Appeal from the District Court of the United States for the Western District of Pennsylvania; Nelson McVicar, Judge.
Before BUFFINGTON and DAVIS, Circuit Judges, and DICKINSON, District Judge.
BUFFINGTON, Circuit Judge.
In the court below the General Chemical Company, owner of patent No. 1,371,004, applied for October 9, 1914, and granted March 8, 1921, to Franz Slama, a citizen of Austria, and Hans Wolf, of Germany, charged the Selden Company with infringement thereof. That court held the seventh claim void and the other claims not infringed. Thereupon plaintiff took this appeal.
The patent concerns the manufacture of sulphuric acid. Reference to the exhaustive opinion of the trial judge, reported in (D.C.) 60 F.2d 144, and to a case in this court, Monsanto Chemical Works v. Jaeger, 31 F.2d 188, furnishes such full information that we limit ourselves to a brief resume.
Prior to the World War, in the manufacture of such acid, the art used a platinum asbestos catalyst, or platinum with an asbestos carrier. Platinum was both scarce and very expensive, and when the call for sulphuric acid, due to its use in explosives, became great and the substantial supply of platinum had to be secretly obtained from Russia, and as all combatant nations were drawing on that supply, it will be seen how imperative was this country's call for some other catalyst. This became a most vital factor in the successful prosecution of the war; the statement being made in the House of Representatives, by a leading member, that "the failure of our platinum supply for war purposes may result in a disaster to this country such as no man can imagine at the present time."
In the search for a remedy the president of the plaintiff, who was in charge of the Committee on Chemicals of the War Industries Board, took an active and leading part. He made a survey of the sulphuric acid industry of the country and a report thereon. He also assisted the Army Ordnance officers in determining the acid requirements for the government's explosive program, and reported that two great plants of the government should be built in West Virginia and Tennessee. They were to use platinum.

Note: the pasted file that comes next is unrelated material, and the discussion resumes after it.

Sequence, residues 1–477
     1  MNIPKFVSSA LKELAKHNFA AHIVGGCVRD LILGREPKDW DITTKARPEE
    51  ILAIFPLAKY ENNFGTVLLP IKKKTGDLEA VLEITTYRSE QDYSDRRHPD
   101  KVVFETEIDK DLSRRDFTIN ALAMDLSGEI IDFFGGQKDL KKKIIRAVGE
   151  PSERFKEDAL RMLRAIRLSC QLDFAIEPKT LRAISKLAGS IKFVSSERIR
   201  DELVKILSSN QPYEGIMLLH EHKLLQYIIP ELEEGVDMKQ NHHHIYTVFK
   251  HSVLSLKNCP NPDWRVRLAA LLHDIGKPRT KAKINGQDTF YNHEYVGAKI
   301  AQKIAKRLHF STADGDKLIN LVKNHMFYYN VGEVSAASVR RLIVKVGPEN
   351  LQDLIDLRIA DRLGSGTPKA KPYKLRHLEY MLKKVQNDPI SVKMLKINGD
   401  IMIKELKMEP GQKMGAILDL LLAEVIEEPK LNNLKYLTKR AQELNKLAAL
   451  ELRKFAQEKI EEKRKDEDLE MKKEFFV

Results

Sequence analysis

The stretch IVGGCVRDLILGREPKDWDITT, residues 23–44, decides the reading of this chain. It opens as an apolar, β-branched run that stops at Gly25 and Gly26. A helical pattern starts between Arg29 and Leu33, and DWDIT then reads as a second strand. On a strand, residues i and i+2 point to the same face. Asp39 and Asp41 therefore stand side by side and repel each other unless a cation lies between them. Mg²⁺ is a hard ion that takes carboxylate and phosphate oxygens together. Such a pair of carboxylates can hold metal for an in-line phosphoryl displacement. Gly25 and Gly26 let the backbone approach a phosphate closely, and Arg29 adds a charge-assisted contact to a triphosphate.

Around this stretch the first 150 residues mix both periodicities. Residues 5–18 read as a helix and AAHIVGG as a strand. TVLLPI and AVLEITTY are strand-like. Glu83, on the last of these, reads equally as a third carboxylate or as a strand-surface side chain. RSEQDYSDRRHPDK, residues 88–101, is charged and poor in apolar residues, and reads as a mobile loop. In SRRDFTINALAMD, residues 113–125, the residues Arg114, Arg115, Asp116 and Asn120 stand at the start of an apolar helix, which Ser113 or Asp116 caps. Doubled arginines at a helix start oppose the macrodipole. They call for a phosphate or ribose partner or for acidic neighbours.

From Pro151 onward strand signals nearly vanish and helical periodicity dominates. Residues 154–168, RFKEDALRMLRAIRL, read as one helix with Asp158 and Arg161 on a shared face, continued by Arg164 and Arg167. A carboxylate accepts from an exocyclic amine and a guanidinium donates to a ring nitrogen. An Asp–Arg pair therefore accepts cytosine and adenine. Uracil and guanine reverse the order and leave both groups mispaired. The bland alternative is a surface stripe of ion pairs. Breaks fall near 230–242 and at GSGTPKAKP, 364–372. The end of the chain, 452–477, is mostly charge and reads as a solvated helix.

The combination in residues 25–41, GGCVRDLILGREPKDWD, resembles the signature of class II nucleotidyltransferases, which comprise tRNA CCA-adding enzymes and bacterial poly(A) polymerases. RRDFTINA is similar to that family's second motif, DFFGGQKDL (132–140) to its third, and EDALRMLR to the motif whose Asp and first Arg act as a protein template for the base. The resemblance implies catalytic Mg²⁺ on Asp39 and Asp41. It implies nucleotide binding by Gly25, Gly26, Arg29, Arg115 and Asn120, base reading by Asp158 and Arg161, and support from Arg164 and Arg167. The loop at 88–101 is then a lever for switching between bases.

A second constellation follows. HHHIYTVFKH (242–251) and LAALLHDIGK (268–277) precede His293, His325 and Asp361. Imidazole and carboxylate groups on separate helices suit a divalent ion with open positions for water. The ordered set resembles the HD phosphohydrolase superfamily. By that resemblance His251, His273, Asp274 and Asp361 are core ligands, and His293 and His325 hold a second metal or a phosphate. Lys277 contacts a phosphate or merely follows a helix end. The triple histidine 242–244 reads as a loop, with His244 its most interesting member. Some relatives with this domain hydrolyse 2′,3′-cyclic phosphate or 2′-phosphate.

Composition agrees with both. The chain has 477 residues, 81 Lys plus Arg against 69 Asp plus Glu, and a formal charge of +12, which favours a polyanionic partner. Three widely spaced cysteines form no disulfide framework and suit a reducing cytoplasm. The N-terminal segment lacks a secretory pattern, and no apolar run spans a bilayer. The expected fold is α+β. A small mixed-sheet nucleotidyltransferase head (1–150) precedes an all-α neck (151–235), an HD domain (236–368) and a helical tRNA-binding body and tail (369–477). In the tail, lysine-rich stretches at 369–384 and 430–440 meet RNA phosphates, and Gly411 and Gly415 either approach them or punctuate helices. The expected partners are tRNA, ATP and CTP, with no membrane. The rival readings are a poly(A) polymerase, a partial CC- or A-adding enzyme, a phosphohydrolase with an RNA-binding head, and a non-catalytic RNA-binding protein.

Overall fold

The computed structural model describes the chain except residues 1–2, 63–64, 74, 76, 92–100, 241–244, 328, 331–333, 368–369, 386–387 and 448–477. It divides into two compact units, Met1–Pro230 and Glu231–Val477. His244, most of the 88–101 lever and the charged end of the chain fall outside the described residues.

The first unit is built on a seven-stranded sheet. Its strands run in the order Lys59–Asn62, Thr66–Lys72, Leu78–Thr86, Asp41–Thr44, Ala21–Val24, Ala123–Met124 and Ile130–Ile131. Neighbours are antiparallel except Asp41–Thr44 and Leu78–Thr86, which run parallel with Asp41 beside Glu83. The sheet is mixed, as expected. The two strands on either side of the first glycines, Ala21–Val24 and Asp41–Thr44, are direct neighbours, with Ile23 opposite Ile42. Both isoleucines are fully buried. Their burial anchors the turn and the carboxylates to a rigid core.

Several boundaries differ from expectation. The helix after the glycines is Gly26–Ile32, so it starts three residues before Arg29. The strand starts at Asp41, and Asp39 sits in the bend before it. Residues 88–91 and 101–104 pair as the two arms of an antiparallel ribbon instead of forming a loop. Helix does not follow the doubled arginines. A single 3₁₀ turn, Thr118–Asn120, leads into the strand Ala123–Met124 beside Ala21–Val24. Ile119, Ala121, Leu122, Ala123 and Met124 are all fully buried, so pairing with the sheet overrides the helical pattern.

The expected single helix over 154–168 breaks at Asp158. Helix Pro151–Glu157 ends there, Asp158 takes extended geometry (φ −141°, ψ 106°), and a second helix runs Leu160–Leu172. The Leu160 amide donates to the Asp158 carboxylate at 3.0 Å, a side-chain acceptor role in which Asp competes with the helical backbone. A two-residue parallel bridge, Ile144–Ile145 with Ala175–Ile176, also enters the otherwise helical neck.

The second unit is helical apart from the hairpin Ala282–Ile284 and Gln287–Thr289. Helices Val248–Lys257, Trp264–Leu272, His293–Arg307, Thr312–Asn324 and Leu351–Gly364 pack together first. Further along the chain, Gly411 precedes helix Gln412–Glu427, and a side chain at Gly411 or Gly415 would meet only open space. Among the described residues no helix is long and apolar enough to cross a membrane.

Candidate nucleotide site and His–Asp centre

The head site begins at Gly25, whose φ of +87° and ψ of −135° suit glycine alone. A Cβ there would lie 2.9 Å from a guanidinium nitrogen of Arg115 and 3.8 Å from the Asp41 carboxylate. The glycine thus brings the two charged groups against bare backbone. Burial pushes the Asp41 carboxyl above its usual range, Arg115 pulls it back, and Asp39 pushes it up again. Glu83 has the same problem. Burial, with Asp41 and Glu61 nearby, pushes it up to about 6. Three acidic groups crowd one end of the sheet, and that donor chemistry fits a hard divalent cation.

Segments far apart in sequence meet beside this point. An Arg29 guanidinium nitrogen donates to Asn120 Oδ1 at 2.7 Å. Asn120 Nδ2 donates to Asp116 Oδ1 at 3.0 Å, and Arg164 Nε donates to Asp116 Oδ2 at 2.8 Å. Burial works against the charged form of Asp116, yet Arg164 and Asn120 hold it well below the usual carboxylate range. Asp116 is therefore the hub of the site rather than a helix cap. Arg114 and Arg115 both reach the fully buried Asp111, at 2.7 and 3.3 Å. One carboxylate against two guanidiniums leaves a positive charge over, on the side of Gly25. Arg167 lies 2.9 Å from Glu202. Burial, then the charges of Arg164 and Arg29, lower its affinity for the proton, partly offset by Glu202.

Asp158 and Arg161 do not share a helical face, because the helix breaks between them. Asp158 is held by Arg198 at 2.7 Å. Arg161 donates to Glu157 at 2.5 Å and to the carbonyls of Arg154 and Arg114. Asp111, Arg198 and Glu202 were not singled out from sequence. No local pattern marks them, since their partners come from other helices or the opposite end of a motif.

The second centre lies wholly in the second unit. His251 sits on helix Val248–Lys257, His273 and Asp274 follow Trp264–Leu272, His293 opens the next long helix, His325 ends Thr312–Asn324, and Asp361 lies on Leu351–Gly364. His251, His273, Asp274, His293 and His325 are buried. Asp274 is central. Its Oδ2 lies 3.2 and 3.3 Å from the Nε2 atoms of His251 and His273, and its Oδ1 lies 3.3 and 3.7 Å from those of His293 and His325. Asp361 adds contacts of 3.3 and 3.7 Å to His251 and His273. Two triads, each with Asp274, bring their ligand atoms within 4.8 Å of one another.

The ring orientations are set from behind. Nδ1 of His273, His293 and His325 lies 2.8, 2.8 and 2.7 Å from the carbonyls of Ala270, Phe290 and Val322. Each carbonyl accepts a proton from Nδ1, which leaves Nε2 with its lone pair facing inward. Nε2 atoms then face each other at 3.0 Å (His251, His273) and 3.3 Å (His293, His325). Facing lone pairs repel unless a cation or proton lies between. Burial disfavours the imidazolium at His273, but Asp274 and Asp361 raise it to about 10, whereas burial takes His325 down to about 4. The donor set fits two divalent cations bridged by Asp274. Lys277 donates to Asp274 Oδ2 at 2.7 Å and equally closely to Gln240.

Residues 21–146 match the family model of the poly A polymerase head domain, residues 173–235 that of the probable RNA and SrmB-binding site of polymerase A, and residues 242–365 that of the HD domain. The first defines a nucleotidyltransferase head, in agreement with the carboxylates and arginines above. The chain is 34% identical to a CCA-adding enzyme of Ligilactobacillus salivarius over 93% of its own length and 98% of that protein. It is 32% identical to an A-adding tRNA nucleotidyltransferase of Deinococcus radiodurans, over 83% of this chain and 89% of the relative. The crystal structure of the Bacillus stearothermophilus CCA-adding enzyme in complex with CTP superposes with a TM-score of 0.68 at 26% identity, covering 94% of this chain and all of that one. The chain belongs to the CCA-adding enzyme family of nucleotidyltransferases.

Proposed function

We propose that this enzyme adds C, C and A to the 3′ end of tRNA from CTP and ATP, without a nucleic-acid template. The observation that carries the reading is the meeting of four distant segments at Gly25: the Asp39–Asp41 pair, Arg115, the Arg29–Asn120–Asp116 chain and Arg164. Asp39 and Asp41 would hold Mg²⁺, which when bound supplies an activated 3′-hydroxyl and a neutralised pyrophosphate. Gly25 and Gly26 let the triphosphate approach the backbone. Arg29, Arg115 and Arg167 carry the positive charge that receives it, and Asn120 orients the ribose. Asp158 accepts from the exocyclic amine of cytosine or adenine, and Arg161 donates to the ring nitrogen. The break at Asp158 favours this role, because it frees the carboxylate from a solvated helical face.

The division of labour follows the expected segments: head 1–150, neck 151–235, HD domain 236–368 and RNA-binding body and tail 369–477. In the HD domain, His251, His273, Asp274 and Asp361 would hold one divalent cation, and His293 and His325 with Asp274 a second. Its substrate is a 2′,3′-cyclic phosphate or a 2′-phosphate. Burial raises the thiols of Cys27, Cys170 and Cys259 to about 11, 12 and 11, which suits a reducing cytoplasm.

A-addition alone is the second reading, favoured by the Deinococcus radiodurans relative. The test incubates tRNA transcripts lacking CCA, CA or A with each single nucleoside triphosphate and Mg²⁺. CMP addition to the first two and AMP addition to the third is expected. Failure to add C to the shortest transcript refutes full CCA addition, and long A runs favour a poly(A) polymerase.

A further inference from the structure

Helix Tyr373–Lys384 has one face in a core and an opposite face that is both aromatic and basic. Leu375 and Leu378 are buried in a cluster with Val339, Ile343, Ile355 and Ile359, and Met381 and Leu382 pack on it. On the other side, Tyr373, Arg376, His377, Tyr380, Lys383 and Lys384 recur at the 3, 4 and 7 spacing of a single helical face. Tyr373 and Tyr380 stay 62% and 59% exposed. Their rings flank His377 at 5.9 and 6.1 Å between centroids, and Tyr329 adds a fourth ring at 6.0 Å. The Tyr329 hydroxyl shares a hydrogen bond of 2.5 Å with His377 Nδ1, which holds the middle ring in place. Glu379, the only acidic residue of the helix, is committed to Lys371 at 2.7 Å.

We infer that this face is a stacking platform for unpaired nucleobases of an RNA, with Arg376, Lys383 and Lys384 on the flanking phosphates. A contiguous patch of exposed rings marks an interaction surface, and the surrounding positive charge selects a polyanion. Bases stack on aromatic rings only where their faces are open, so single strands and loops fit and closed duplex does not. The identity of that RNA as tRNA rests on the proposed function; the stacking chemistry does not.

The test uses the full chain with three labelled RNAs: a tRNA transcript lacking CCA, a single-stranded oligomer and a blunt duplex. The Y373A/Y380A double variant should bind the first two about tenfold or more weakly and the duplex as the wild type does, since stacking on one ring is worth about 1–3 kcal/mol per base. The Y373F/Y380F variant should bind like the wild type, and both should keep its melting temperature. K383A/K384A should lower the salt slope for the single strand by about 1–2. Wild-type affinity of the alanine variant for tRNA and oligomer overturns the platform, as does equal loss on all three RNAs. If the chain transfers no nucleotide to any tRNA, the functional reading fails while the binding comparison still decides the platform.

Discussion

It further appears that during the war the government referred to Professor Scott, of the plaintiff's research staff, a copy of the then pending applications of Slama and Wolf, with instructions to determine its possible value. The trial judge found as a fact that "Scott reported an efficiency of 86.2 under normal loading, which would make the catalyst commercially useless."
It will thus be seen that while the use of vanadium was suggested by patent No. 687,834 to De Haen, and its use in connection with kieselguhr was pointed out in Slama and Wolf's applications, and they also spoke of the pressing demand for a substitute for platinum, no relief was given and both plaintiff and defendant continued to use platinum, the plaintiff until 1928, and the defendant until 1927, when it began using vanadium and kieselguhr as noted below, which is the complained infringement of the Slama and Wolf patent. On learning of the defendant's use of vanadium and kieselguhr, plaintiff got a sample of defendant's catalyst, analyzed it, and has since then followed the defendant's practice.
We will not repeat the reasonings and finding of the court as to the difference between the use of vanadium and finely ground kieselguhr dust as outlined in the patent, as compared with the use, by both plaintiff and defendant, of vanadium with kieselguhr with other ingredients in pellet form, other than to say that we find no flaw in the trial court's reasoning or error in its finding of noninfringement. Patents are granted to promote progress in the arts, and one of the conditions of their grant is that the disclosure of their alleged invention shall be so explanatory that at the expiration of the patent the public can practice the invention.
In this case it is contended that the alleged invention was also patented in Germany and was there successfully practiced by large chemical industries. We impugn no bad faith to the present patentees in taking out their American patent, but certain it is that the instructions given in their application gave no light to the War Board in its extremity, to the plaintiff's president in his eagerness to help his country, to Professor Scott, of plaintiff's research staff, or to the management of the plaintiff company. Indeed, its first and only use of vanadium with kieselguhr was taught them, not by their patent, but by defendant's practice.
In Rohm v. Martin Dennis Co., 263 F. 388, we found an American patent, based on a German one, had instructions which did not instruct. In the present case it may well be that the alleged success of this patent in Germany may be due to some feature which was not disclosed in the application. At any rate, we are clear that the court below correctly held that this patent, instead of promoting the art, was a mere paper one whose function was words, not work, and which, if valid, must be confined to its own narrow limits. So construed, the court committed no error in holding it was not infringed.